Dutch scientists say that an experiment using geometric shapes showed that homosexuals were more adept at identifying smaller shapes within larger ones, leading to the curious conclusion that there really is such a thing as gaydar.
A total of 42 men and women were shown pictures of outlines of large squares and rectangles, each of which was packed with smaller shapes. Our brains are wired to take in the bigger picture, meaning that if we are shown a square filled with rectangles and asked what is inside, we can easily be fooled into saying ‘squares’. When the men and women were asked similar questions, the heterosexuals replied more quickly but were less accurate, the journal Frontiers in Cognition reports. The homosexuals took longer but got more answers right, particularly when asked about the smaller shapes, suggesting they were able to see the small details as well as the bigger picture. Or they were able to see the trees as well as the wood.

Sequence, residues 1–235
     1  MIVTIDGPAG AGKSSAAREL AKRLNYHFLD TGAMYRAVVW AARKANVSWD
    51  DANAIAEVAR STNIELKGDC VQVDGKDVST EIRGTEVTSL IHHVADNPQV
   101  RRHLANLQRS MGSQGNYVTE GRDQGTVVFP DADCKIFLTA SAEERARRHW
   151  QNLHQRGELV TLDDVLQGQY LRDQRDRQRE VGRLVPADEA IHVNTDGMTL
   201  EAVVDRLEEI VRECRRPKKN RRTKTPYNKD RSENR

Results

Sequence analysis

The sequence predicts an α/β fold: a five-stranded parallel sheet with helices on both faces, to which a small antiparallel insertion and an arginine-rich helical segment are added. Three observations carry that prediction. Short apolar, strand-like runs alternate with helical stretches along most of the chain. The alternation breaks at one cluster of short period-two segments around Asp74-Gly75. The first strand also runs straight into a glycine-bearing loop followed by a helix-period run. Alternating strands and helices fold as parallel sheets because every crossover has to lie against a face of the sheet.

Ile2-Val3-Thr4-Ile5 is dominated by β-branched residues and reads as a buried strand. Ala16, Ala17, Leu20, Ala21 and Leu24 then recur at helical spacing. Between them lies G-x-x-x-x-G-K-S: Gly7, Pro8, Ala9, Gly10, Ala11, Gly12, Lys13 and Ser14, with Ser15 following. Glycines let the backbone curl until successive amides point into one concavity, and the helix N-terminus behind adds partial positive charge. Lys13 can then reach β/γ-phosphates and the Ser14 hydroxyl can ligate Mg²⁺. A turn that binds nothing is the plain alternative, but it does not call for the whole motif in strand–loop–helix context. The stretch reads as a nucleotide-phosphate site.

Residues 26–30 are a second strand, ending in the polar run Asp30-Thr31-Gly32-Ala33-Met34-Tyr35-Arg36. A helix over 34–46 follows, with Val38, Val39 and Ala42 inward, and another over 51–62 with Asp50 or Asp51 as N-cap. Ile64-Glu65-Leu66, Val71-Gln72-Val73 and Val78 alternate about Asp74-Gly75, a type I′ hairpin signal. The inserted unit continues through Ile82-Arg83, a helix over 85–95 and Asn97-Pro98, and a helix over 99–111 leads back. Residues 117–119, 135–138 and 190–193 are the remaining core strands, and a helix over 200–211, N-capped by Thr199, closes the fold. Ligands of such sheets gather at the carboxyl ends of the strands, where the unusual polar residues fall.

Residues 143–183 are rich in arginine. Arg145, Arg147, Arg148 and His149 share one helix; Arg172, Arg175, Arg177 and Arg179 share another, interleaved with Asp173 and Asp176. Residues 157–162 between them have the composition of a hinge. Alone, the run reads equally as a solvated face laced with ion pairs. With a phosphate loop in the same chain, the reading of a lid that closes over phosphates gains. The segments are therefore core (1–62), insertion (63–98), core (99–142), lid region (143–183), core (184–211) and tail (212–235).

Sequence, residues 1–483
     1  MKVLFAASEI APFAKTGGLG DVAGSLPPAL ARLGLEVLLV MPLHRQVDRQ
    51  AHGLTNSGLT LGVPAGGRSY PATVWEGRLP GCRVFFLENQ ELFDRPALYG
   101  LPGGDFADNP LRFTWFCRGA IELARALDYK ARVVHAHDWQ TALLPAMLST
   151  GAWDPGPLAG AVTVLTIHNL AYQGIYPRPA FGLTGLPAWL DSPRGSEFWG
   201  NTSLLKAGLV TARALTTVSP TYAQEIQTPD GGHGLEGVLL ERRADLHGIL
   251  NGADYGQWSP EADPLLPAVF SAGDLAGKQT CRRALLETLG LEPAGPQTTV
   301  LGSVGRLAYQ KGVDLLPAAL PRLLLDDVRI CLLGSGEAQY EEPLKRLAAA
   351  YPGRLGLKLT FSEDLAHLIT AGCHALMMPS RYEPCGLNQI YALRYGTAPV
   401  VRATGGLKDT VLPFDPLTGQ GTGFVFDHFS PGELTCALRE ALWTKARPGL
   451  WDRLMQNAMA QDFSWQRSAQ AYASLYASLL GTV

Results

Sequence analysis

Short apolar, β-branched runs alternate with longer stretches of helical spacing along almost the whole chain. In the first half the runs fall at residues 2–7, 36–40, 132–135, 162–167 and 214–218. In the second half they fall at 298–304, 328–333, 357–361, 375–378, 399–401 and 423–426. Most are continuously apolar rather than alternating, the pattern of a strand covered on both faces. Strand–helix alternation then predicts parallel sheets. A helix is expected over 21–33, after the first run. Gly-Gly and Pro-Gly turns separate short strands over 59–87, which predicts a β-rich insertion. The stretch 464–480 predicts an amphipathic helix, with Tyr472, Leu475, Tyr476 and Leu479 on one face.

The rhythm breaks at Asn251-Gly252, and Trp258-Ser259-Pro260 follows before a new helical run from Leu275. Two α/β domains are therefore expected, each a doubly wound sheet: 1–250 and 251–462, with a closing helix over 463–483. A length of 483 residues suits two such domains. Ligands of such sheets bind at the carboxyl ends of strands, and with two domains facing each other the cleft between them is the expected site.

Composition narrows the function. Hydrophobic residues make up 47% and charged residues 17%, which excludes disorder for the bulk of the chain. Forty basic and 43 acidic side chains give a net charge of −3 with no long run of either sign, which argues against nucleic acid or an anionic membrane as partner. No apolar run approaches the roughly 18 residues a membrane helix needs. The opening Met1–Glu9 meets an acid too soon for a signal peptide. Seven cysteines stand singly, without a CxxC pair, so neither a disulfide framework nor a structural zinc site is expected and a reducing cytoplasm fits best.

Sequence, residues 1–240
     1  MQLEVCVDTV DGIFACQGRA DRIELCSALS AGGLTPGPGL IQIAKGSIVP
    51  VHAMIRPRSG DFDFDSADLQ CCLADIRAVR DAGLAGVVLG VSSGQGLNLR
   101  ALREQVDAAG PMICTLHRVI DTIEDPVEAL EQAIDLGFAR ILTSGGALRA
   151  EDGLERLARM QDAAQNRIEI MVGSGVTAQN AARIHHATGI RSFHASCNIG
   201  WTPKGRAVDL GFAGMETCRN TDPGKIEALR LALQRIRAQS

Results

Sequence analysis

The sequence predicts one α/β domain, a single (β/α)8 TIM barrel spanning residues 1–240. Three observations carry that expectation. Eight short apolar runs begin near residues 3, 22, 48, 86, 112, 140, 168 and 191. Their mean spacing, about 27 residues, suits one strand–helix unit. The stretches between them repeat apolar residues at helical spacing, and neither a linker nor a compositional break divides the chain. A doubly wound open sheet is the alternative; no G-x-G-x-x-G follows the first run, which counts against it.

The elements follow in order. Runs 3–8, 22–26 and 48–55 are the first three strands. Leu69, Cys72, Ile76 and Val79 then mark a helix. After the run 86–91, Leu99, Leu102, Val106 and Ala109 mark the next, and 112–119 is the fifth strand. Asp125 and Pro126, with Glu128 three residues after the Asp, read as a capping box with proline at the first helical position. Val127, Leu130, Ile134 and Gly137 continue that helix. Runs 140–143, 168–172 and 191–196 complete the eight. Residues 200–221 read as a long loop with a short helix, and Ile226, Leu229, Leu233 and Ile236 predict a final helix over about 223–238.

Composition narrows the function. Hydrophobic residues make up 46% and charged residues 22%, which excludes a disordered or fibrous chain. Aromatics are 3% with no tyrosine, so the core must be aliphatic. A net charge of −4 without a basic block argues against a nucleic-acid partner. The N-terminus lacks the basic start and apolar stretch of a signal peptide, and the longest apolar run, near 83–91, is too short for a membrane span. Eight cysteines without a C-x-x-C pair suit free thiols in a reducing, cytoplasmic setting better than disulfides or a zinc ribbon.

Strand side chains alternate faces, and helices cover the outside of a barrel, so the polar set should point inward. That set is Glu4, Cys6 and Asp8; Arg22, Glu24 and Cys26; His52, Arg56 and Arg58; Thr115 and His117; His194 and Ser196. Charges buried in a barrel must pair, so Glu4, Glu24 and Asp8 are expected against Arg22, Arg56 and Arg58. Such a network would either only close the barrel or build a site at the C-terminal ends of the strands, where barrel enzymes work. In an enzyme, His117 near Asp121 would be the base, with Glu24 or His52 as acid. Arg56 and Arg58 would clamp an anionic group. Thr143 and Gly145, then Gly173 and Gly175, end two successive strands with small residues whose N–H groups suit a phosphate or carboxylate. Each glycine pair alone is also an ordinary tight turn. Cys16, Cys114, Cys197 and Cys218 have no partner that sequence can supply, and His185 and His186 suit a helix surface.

In everyday life, this attention to detail could help them work out people’s sexuality. Researcher Dr Lorenza Colzato, of Leiden University in the Netherlands, said: ‘This is the first time that scientific proof has been found for the existence of a gaydar mechanism amongst homosexuals. ‘This perceptual skill allows homosexuals to recognise other gay people faster and we think it’s because they are much more analytic than heterosexuals.’ Adopting such a perceptual style presumably increases the likelihood of detecting perceptual clues indicative of homosexual orientation, which facilitates finding like-minded social peers and potential friends and sex mates.
My “perceptual skill” tells me this study is crap.